October 29, 2017
The social media movement represented by #MeToo began about ten years ago. Recently, however, in response to revelations about sexual assault and harassment by movie producer Harvey Weinstein, its use has skyrocketed. Literally millions of women (and some men) all over the world – and in every industry – have used the hashtag in recent weeks to come forward about their experiences of being sexually victimized. For many, many women, this social media movement has provided an outlet that didn’t previously exist to express their anger and outrage over being targeted for abuse or harassment because of their gender.
The #MeToo movement is likely to have far-reaching consequences in the workplace, where many of us spend close to half our waking hours. Sexual harassment and abuse have been historically under-reported, as women have often been reluctant or afraid to come forward. #MeToo is changing that, at least on social media. It is likely that more victims will now also feel emboldened to tell their stories of abuse to their HR departments – and to lawyers, judges, and juries.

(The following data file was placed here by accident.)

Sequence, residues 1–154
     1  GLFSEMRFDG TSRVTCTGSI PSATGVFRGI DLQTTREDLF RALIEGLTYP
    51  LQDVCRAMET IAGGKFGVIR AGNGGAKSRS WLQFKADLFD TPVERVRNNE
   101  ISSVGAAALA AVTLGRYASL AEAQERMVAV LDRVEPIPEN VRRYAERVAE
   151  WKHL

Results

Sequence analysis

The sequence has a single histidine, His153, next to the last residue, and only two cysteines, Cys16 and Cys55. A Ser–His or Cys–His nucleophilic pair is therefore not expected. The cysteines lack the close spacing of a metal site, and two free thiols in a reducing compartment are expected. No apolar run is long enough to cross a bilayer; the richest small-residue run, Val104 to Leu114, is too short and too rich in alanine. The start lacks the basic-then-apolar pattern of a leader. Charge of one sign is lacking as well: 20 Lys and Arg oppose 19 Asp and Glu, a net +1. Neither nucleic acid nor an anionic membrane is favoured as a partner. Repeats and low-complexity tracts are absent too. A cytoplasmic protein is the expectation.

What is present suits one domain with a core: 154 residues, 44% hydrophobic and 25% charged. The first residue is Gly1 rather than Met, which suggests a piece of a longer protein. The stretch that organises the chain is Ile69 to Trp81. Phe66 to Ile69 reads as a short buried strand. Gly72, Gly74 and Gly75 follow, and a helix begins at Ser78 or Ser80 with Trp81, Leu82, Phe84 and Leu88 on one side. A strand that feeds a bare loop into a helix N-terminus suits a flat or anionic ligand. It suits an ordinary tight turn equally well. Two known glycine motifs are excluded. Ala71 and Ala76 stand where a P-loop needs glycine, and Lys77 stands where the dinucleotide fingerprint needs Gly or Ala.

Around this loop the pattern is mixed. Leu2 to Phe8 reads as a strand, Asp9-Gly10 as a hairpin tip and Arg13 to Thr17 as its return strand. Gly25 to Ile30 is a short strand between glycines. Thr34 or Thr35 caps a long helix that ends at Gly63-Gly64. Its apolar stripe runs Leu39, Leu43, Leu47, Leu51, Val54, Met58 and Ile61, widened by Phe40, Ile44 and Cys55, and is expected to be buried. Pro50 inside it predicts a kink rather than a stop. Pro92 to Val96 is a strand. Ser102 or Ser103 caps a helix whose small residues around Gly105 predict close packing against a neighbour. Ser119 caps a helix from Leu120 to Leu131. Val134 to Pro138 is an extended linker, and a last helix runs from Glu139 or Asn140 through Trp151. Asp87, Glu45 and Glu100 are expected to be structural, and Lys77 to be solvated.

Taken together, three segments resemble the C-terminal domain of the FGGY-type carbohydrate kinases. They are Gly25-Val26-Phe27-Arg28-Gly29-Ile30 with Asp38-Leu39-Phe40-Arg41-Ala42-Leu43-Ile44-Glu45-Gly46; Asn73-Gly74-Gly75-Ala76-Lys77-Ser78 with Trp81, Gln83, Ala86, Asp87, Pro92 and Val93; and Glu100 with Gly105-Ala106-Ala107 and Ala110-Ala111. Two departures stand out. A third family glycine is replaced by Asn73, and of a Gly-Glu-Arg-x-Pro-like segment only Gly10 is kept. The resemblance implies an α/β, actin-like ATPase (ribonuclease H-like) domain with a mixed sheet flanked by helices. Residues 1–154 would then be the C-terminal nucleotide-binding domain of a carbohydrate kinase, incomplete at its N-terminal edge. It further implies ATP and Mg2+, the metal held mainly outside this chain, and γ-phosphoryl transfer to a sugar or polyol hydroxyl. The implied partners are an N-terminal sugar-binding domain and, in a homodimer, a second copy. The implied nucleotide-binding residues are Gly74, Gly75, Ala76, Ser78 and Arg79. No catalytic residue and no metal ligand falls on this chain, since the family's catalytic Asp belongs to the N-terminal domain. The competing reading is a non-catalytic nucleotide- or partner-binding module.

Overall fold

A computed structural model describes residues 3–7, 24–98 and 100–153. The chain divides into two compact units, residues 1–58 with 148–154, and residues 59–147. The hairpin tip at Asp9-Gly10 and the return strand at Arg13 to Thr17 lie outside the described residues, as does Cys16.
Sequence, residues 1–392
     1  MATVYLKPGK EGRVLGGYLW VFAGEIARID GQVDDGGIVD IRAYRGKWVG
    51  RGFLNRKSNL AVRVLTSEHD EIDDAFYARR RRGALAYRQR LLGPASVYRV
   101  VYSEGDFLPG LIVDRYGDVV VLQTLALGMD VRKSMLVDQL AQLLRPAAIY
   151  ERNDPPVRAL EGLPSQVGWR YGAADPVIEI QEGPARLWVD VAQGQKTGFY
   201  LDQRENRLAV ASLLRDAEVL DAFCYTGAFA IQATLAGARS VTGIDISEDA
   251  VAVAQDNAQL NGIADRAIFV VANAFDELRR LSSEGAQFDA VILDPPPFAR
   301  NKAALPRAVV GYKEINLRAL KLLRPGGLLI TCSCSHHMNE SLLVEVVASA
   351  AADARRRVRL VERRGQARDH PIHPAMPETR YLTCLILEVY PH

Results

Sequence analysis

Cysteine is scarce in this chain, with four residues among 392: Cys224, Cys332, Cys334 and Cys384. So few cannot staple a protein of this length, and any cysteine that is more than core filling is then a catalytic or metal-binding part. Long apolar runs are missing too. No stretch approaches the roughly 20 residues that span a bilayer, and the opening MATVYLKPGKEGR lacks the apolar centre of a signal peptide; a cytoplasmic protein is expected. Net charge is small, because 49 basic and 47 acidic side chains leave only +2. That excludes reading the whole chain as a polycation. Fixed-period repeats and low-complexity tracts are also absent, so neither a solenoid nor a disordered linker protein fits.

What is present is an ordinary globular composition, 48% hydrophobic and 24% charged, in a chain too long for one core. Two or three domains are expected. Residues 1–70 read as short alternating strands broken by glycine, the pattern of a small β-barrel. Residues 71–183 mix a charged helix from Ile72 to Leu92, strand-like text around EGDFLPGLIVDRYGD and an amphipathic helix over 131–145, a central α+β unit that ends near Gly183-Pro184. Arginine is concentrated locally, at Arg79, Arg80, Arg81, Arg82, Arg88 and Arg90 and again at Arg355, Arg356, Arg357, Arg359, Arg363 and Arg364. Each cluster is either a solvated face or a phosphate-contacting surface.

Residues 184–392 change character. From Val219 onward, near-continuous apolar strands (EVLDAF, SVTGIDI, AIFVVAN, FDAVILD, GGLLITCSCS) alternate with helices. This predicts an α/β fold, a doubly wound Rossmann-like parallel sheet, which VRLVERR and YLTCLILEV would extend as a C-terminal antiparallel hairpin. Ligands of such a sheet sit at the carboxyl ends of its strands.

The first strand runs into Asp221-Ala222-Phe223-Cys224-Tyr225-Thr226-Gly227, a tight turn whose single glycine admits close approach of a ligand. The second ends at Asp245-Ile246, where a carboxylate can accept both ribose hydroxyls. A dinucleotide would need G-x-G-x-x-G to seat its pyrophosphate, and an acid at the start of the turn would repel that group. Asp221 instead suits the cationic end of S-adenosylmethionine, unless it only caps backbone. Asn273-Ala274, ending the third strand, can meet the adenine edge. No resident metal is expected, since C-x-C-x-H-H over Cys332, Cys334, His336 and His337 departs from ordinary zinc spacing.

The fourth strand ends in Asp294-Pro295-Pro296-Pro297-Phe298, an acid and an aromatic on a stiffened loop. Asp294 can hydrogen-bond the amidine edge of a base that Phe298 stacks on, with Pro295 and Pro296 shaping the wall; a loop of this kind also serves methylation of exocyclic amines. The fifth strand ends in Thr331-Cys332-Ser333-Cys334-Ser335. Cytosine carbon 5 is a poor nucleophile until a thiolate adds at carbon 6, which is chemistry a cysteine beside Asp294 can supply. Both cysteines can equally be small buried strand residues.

Sexual harassment in the workplace is illegal, as it is a form of sex discrimination. While not every inappropriate comment to an employee will – by itself – create a hostile work environment, when the comments or other behaviors become “severe or pervasive,” the conduct is illegal, and the employee can recover various forms of damages for the harm it causes – both economically and emotionally.
Employers also need to be mindful of the #MeToo movement. They will see more reports of sexual harassment made to their HR personnel, and they must be ready to respond appropriately. That means having the right employment policies and procedures in place, and doing thorough and fair investigations of any harassment complaints. It also means training their employees in how to recognize, prevent, and stop sexual harassment.
Sexual harassment is about power. And high ranking executives are very powerful people in their companies. One of the reasons people like Harvey Weinstein have gotten away with so much for so long is because they hold so much power, and victims have been afraid to challenge that power. Thanks in part to #MeToo, that appears to be changing.